Sustainable Forests and Coasts Semi-Annual Progress Report: October 2013 – March 2014

The present Semi-Annual Progress Report summarizes implementation of the FY14 annual work plan and the project´s performance against its FY14 targets established in the Performance Monitoring Plan (PMP), which it has met or exceeded in all cases. This is the final progress report since the project ends on June 14th and complements the weekly bullets and monthly newsletters that are submitted to the Contracting Officer’s Representative (COR) as well as information presented in the regular planning and coordination meetings that the COR participates in. Key to the project´s ability to complete the FY14 work plan activities and meet its goals is the MAE´s ownership of project technical assistance, which is also an integral part of its internal work plans and goals.

As in past years, in the FY14 the Project´s implementation strategy focused on reducing the following four main threats to biodiversity conservation in four priority sites along the coast of Ecuador: (1) Loss and/or alteration of critical habitats, (2) Climate change, (3) Lack of economic alternatives, and (4) Insufficient institutional capacity for biodiversity conservation. To this end, the project continued to build local capacity to manage Protected Areas, implement climate change adaptation measures, and manage integrated farms. In addition, the project provided tools for managing protected areas nationwide. It also promoted market access for products that support conservation (such as red crab, which depend on protecting mangroves; tagua, which depends on forest conservation; organic cacao produced using environmentally safe practices; and ecotourism). To improve livelihoods it also continued to help people invest their cash-for-conservation payments received for protecting natural forests under the Ministry of Environment´s (MAE) Socio Bosque Program in income generating activities. Lastly, the project continued to work in close partnership with the MAE and provide technical inputs for managing protected forests and for developing related policies.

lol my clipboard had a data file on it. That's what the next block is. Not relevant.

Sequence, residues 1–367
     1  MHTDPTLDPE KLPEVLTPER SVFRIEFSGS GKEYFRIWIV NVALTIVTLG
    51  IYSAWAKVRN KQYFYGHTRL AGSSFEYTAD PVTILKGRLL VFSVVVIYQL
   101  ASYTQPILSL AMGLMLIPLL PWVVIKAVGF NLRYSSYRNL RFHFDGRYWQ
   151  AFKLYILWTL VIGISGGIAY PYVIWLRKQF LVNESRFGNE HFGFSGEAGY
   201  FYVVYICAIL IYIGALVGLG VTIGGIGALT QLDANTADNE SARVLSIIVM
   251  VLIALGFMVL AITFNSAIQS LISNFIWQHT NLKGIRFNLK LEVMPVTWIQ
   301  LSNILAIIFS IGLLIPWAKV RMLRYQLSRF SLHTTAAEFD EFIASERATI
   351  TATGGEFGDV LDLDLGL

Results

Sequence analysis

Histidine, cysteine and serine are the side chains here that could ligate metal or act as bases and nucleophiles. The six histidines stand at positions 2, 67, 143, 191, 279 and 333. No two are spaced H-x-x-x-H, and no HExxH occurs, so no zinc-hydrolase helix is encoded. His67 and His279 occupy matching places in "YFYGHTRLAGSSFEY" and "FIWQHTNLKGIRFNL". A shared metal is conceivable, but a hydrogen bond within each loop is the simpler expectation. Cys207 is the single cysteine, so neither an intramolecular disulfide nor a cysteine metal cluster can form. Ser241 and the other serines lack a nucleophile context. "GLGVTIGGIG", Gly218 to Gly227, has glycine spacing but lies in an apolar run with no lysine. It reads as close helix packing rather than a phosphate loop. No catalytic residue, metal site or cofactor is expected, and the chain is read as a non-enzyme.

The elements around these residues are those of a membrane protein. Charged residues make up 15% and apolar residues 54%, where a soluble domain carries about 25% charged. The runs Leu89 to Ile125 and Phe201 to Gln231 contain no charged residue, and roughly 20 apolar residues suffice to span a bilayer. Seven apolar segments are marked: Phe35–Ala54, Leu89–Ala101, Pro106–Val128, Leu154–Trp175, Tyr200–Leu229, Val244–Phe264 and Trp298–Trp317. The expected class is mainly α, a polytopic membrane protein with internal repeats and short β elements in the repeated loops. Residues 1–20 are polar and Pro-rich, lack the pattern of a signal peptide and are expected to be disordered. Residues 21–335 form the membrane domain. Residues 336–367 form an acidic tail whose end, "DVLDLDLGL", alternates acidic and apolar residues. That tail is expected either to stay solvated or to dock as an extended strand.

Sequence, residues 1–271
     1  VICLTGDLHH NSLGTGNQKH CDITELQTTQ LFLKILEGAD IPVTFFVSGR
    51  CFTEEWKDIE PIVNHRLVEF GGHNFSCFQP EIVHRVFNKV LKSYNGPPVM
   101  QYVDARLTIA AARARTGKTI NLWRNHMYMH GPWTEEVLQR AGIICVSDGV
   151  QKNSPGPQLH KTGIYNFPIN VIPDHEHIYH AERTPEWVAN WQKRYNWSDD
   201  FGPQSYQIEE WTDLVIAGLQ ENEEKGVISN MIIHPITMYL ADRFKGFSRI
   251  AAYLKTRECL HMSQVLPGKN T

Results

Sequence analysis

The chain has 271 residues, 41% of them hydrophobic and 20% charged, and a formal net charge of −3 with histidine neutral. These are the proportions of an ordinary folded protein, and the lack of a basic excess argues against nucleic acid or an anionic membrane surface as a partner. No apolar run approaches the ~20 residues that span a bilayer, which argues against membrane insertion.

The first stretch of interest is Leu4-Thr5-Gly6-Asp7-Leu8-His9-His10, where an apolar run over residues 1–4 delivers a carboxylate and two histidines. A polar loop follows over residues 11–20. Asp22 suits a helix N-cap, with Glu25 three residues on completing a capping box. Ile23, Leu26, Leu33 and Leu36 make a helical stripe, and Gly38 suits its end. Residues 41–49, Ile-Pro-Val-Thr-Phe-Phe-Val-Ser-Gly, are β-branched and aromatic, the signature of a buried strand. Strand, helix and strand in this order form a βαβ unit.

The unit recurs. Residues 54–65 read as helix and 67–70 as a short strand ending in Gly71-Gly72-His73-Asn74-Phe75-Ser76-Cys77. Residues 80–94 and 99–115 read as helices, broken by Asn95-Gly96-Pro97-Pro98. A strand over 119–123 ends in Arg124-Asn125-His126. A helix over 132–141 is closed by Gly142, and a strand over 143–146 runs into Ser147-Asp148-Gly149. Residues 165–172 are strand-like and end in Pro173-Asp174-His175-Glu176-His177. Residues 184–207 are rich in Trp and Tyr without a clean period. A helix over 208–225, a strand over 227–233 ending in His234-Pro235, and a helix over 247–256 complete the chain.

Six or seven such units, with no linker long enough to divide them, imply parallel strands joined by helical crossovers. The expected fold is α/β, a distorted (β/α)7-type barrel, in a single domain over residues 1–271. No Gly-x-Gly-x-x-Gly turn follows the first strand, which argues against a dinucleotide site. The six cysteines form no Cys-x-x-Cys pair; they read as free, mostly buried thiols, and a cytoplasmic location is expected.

To date, the Project has trained 4,838 people, promoted 22 new commercial linkages, and helped communities and families access over $11.6M in cash-for conservation payments for protecting 51,978 hectares ($1.9 million of which were paid out during the life of the project). As a result of project technical assistance, over 16,225 people are benefiting economically and over 744,000 hectares of critical habitats are under improved management. Parallel to this, the Project is strengthening five conservation coalitions that serve as platforms for coordinating natural resource management with local public and private sector, and has leveraged over $17.9 million. For a more detailed summary of results to date please see Section 1.

Especially noteworthy achievements this reporting period include:

  1. Upon invitation from the Uruguayan Ministry of Housing, Territorial Management and Environment, USAID Sustainable Forests and Coasts Protected Area Expert, Richard Vaca, participated in the VI National Protected Area Conference in Montevideo where he shared the project’s experiences developing operational plans for 12 protected areas throughout Ecuador. The conference highlighted the project’s  innovative and practical methodology, which bases planning on the area´s conservation objectives and threats and establishes clear strategies for obtaining and measuring results.